The internet has been going bananas recently over a video circulating via Hellou.com, claiming to “unripen” a rotten old piece of fruit, using rice and heat.
So after spending 2 minutes of my life watching a guy blow-dry a banana, we decided to investigate (because science).
Take a look at the video here if you feel so inclined.
How is this possible? Is it even possible? The idea of reviving a battered piece of fruit seems thrifty at best, but let’s take a look at the science behind it anyway.
Bananas are classed as a climacteric fruit, which means that they continue to ripen after picking. Ripening of fruit is associated with composition change, ie, starch converting into sugar. Ethylene gas, a ripening hormone produced by the plant, plays a major physiological role in the process. While the fruit is still attached to the plant, special receptors in plant cells bind to the ethylene, keeping the fruit ripening genes from activating. Once a fruit is picked, plant genes ETR1 and CTR1 turn off, which causes a domino effect that ultimately results in the release of ethylene and turns on other genes that make various enzymes. These include: pectinases, which break down cell walls and soften the fruit; amylases, which convert starch to simple sugars; and hydrolases, which degrade the chlorophyll in the fruit, resulting in the color change – in this case from green to yellow. This is believed to invite animals to eat the fruit and disperse seeds via defecation.
As these processes continue and the cells within a banana denature, it eventually becomes rotten and pretty unappealing to eat.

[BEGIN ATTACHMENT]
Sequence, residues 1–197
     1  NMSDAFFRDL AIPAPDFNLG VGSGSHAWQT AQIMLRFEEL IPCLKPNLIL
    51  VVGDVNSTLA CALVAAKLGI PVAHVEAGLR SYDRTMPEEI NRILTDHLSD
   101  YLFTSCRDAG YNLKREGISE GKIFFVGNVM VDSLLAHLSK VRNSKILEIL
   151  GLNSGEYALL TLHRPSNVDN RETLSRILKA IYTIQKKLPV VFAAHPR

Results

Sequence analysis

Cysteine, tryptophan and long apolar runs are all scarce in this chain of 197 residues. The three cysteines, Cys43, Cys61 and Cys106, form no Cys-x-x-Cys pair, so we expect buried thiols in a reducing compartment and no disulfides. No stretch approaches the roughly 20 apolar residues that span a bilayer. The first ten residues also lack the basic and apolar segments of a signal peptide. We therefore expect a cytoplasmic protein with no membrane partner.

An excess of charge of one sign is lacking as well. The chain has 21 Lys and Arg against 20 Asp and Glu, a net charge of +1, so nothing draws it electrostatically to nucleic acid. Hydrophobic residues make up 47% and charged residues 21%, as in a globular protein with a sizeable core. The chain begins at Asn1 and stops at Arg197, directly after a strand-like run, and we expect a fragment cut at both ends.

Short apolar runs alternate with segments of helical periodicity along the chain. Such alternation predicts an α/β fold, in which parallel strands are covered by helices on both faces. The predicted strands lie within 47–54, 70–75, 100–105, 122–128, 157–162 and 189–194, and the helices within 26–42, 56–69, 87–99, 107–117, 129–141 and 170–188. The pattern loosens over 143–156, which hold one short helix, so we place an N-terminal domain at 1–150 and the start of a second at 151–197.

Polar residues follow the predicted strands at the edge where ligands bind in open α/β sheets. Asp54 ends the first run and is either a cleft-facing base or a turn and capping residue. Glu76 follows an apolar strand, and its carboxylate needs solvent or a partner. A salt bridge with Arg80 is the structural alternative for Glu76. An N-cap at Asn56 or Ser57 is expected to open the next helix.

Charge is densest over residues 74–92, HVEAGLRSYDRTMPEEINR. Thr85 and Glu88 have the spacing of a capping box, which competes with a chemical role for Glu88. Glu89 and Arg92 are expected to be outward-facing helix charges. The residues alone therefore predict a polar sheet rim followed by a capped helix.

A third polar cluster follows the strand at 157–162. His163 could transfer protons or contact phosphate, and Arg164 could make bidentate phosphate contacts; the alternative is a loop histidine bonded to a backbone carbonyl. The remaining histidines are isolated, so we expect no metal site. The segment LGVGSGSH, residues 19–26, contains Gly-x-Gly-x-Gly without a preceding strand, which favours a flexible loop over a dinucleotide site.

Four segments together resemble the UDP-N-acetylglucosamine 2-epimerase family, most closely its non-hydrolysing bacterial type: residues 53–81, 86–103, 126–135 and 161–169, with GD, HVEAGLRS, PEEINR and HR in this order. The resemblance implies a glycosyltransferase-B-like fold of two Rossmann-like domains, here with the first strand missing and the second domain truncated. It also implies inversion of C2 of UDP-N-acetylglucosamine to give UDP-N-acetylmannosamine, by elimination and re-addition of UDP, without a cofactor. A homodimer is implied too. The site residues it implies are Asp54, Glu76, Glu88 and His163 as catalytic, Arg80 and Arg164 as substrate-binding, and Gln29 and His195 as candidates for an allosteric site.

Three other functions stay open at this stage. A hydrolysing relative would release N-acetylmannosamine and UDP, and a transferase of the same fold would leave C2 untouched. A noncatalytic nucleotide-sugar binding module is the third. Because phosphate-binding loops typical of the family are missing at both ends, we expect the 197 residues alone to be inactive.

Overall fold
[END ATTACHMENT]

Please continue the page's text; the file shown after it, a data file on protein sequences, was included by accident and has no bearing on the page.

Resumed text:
Considering all of these chemical changes in composition within the fruit as it ripens and rots, is it possible to revive a gross old banana using rice and heat?
Debate has previously raged on how to store and best extend the life of bananas – should they be left at room temperature or stored in the fridge? Storing bananas in a cold environment drastically slows the conversion of starch to sugars, which means that the flesh stays good for longer. However, when they are placed in the fridge, an enzyme (polyphenyl oxidase) combines with phenols in the peel to create polyphenols, which causes the outer skin to turn brown. So although the fruit inside is still tasty and ripe, the skin looks rotten.
What conclusions did we draw from our investigation? We actually did try this ourselves in the office, and were left with nothing but a still-rotten banana. Perhaps unsurprisingly, we simply have another case of the internet leading us up the garden path for reasons that only the individuals coming up with this rubbish will know.
You can't revive a rotten banana. This leaves us with two hypotheses – by placing the banana in the fridge, the banana flesh is preserved but the skin goes brown (which is what we're seeing in this video). Placing the banana in the rice removes moisture from the skin, and gently heating the banana back to a normal temperature may reverse the effects of cooling on the skin, restoring the color.
...That, or it's simply lighting or computer trickery.
IFLScience: answering the tough questions.